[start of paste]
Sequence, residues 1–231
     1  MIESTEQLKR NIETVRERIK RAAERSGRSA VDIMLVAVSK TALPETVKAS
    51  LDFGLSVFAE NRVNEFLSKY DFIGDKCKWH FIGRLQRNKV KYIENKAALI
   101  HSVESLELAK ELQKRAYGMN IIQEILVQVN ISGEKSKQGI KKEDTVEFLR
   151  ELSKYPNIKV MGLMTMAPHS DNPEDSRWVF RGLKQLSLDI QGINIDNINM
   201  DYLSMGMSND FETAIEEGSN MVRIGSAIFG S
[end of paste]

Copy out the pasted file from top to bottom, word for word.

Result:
Sequence, residues 1–231
     1  MIESTEQLKR NIETVRERIK RAAERSGRSA VDIMLVAVSK TALPETVKAS
    51  LDFGLSVFAE NRVNEFLSKY DFIGDKCKWH FIGRLQRNKV KYIENKAALI
   101  HSVESLELAK ELQKRAYGMN IIQEILVQVN ISGEKSKQGI KKEDTVEFLR
   151  ELSKYPNIKV MGLMTMAPHS DNPEDSRWVF RGLKQLSLDI QGINIDNINM
   201  DYLSMGMSND FETAIEEGSN MVRIGSAIFG S